How to Build a Product Security Roadmap | Shortcuts
Hello and welcome back to Nucleus Shortcuts. Our topic today is What is Product Security and How to Build a Roadmap for Success, and today’s expert on the topic is Anshuman Bhartiya. He is an information security professional of over a decade. He is currently a principal security engineer at Thirty Madison, which is a healthcare company, and he’s worked for some pretty big names including Atlassian, Intuit, and Dell. Enjoy the episode!
Nucleus: How do you define product security? What does that look like in today’s modern enterprise?
Anshuman: Product security is a function within an organization that allows you to establish processes and activities, like set up tooling, security scanners, whatnot, to ensure that the customer data or information that a company’s products either store, process, or transfer is protected against unauthorized access by malicious actors. That’s a very high level overview of how we can think about it. Product security can contain things like application security, which is more focused on just applications, but I know folks use both the terms interchangeably.
Securing applications is one thing, but then how do you deploy those applications on the cloud infrastructure? These days it’s all about cloud, like AWS, Google Cloud, Azure. So, apart from securing the application, the deployment piece also, I believe, falls under product security, because you want to make sure the product is secure from the point where it’s committed, like when the code gets committed to the point it’s actually deployed, the entire lifecycle.
You wrote a great article about a product security roadmap. Why does this matter, in the context of having a successful product security program?
Anshuman: As the first product security engineer, when you are onboarded onto an organization, you have different stakeholders that you are supposed to work with. These might be your VPs of different engineering organizations. These might be your EMS supporting different smaller teams, engineering teams. It’s really important as a founding product security engineer to have your stakeholders come to a shared understanding of what the risks are that your organization faces, and what other product security engineering you are planning to do to address them and in what order. So, a.) I’m making sure everybody is speaking the same language when it comes to the risk. And b.) making sure there is a good understanding of how to address it and how to prioritize what.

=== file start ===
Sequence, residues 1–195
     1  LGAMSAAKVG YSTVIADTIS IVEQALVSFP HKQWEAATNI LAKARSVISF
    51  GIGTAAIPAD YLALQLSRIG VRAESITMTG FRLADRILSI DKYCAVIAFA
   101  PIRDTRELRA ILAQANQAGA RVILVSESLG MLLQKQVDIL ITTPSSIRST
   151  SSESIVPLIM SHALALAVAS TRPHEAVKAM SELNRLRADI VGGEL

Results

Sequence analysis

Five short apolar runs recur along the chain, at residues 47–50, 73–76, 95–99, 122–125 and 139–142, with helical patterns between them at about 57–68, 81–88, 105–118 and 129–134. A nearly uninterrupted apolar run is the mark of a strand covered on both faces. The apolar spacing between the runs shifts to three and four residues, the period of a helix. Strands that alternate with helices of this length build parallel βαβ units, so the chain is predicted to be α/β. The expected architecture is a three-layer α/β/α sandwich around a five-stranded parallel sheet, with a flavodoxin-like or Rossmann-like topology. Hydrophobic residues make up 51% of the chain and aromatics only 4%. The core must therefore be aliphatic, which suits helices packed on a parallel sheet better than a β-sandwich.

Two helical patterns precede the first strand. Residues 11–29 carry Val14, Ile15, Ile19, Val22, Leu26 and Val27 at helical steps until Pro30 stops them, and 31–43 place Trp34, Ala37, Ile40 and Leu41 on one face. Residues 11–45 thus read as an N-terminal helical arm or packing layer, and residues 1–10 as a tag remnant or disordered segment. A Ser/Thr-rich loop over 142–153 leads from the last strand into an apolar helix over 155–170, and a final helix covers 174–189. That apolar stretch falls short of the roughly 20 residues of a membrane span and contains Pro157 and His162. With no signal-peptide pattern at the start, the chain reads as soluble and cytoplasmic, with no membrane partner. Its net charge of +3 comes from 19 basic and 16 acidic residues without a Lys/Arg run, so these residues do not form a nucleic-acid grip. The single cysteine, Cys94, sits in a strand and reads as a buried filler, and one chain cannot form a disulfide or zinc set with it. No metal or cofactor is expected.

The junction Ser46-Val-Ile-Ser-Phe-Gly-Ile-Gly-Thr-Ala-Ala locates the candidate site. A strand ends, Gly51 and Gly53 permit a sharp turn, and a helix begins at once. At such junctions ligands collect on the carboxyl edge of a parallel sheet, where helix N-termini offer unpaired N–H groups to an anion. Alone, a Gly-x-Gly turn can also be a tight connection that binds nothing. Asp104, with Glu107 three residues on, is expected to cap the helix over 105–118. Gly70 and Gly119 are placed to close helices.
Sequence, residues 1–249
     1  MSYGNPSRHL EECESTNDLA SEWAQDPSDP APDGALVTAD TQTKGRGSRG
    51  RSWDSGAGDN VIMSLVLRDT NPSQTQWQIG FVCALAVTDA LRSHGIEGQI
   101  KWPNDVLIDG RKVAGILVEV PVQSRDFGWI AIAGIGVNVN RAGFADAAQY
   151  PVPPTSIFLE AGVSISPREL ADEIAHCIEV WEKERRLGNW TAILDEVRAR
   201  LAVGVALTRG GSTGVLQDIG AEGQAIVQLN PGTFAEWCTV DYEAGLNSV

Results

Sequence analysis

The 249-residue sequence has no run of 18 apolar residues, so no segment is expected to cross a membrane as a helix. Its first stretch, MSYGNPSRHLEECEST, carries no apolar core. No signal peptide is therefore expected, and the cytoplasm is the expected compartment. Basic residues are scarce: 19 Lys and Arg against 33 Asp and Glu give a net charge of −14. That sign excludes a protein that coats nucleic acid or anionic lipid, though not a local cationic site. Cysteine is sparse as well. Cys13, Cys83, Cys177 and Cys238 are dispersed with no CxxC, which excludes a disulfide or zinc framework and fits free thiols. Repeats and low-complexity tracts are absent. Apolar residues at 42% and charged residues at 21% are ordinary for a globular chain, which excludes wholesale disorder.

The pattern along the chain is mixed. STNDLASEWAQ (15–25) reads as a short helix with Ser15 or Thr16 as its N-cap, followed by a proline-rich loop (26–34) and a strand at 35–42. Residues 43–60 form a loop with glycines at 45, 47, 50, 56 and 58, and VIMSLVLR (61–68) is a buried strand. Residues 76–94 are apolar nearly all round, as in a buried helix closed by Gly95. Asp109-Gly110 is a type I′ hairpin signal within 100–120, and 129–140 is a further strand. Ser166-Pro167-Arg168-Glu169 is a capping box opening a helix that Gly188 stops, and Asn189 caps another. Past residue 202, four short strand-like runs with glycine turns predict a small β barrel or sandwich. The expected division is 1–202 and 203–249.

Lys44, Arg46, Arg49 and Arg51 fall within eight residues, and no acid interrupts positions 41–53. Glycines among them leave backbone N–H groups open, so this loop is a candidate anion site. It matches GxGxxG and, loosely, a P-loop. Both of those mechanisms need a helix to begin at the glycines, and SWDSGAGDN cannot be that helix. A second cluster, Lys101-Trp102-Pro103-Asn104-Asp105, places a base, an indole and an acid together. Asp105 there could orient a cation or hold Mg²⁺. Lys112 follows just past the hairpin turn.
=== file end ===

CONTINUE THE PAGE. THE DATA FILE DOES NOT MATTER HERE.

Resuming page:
How does one go about building a product security roadmap?
Anshuman: I think of the overall product security function being broadly divided into three major categories. The first one is vulnerability management, or how do you deal with vulnerabilities that you discover. Second is security partnerships, or in other words, how do you make sure you are working with your engineering counterparts and integrating security in the SGLC. Those kind of relationships or partnerships are different activities – projects you can do underneath that. And the third is security tooling and operations. This basically contains deploying your scanners, making sure that within any programs that you run, you are collecting valuable data to make sure that you make continuous progress, things of that nature.
So, like I said, each of these categories will have a bunch of activities, projects that you could be doing underneath them. It’s really important to highlight that you can’t be doing everything together at once. So, you should really be thinking about splitting the overall roadmap into a multiyear plan. It can be a three year plan, it can be a five year plan. It really depends on the resources and the priorities, and this roadmap, the way you divide it, it’s really about working on smaller tactical projects in a prioritized order, which eventually contributes towards an overall strategic roadmap of how you go about improving the security posture of your organization.
Nucleus: Contained in all those buckets is the classic people, process, and technology areas of concern. Once you have that roadmap, then you’re building out those tactical projects and prioritizing them to make sure you’re making progress on the longer term road.
In your article, you called these work streams. That’s an interesting way to break out categories of work.
Anshuman: Yeah. Based on my experience, the places where I have heard work stream being used is for, let’s say there is a big project that your company is undertaking. It impacts pretty much all the organizations within that. So, it can be HR, can be legal, can be engineering, can be advertising, sales, marketing, whatever. So really, what you need is a team of individuals that represent each one of these functions, and they are working towards this project. So you can think of it like a work stream, where you don’t necessarily have the entire teams working with you, but you have individuals representing those teams. So I think, yeah, work stream is a good way to make that sense.
Is there one most important thing you’d like folks to walk away with from this conversation?
Anshuman: I think since we are talking about product security and how to get started and how to build a program, I think my advice is to not get overwhelmed and be able to ruthlessly prioritize. I like that term, “ruthless prioritization.” Also bringing along everybody else with you on the journey, like all those stakeholders, is probably the most important thing you can be doing in order to be successful at it. And then just being very thoughtful about what to do, and when, and how to leverage smaller wins in improving the overall security strategy, and the culture. That goes a long way.